Despite increased adoption of low-touch protocols and algorithmic trading in global fixed income markets, bond trading will still need the human touch for large trades and during times of market stress, according to senior buy-siders.
Making the case to delegates as part of an Oxford-style debate at the Fixed Income Leaders Summit Europe conference in Barcelona, two heads of fixed income dealing acknowledged that bond trading will continue to evolve with technology, but the human trader and human relationships will remain a key part of trading fixed income.
“Bond trading will continue to evolve with more data and as new tools to execute trades are introduced to the market, but my problem is how do I transact a block trade during times of high volatility or in an inefficient market,” said Mike Poole, head of fixed income dealing at Jupiter Asset Management.
“Low-touch and algo-driven trading will not work across the board in fixed income. As market participants, we have the ability and duty to ensure the market evolves in a way that allows a number of trading protocols to flourish, including human trading protocols for large transactions that can be executed in a variety of market conditions. My fear is that reliance on a small number of trading techniques will erode relationships that we have built up over decades. Change for the sake of change does not always equal progress.”
Poole continued that while the human element is important, there must be more efficient processes to evolve those human relationships, not algorithmic trading, because it’s the human trader that gets those blocks done and that’s how risk is cleared. David Walker, head of fixed income dealing at M&G Investments agreed with Poole, adding that as many fixed income divisions are scaling back the trading desk, he has been adding traders that are specialised in certain products to the fixed income trading team.
“I’m upscaling my dealing desk with specialised dealers so that they have time to speak to the street and share ideas with the portfolio manager. Sure, electronic trading is efficient and protocols like portfolio trading are good, but I’ve looked at portfolio trading closely and found that the result was not always as good as when we’ve traded those bonds ourselves… Electronification in fixed income has leveled off, and the evolution is over.”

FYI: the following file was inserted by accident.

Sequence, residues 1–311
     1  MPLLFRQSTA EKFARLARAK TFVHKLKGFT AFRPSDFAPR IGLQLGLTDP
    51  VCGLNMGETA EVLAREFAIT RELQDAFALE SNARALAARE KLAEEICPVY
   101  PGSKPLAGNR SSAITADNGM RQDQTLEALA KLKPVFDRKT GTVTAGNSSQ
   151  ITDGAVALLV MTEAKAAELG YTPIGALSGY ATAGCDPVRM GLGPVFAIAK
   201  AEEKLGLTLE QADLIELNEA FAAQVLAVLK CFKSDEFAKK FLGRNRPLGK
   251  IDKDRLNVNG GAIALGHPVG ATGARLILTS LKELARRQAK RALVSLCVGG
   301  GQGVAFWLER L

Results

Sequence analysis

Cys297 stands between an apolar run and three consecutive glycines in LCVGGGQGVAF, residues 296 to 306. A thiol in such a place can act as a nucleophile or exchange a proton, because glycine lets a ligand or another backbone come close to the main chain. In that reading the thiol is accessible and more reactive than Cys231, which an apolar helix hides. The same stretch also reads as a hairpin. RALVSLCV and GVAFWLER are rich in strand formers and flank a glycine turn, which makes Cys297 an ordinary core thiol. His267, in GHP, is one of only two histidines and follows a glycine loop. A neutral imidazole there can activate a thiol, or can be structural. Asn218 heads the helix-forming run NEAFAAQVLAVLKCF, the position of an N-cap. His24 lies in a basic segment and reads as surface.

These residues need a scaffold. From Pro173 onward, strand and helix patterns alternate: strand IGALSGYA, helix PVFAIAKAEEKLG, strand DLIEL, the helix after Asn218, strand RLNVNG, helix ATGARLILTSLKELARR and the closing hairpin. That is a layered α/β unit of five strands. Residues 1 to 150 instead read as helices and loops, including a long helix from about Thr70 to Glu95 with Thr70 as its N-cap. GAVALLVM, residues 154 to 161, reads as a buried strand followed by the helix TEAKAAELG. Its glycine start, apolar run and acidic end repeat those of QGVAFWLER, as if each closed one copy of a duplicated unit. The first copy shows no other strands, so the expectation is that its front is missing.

On the other side of the argument, Brett Olson, head of fixed income execution at BlackRock iShares, and Bart Smith, co-head of the ETF Group at Susquehanna International Group, declared that the trend towards the electronification of fixed income trading will, in fact, continue.
“ETFs have kicked off this process,” Olson said. “Dealers have had to rapidly price and trade baskets of bonds and they are evolving with advancements in technology and platforms in mind to facilitate that shift. Not only do I believe bond trading is evolving more towards low-touch, I know it is.”
Similarly, Smith noted that it’s uncommon to hear asset managers asking how they can get more out of high-touch trading relationships, but market participants are increasingly looking to low-touch trading protocols to facilitate more difficult trades.
“This has already happened,” Smith said. “Regulatory pressures have limited the ability for banks to hold inventory and the buy-side have their own regulatory pressures to contend with. Transparency and best execution lend themselves to increased use of technology and low-touch trading solutions.
“Low-cost and low-touch trading continues to put pressure on areas of the market that are inefficient, and eventually that will happen as we see new market entrants and technological innovation. It’s [high-touch trading] just not economically viable anymore. It will continue to migrate upstream. We love human beings, but the ‘equitisation’ of fixed income has well and truly begun.”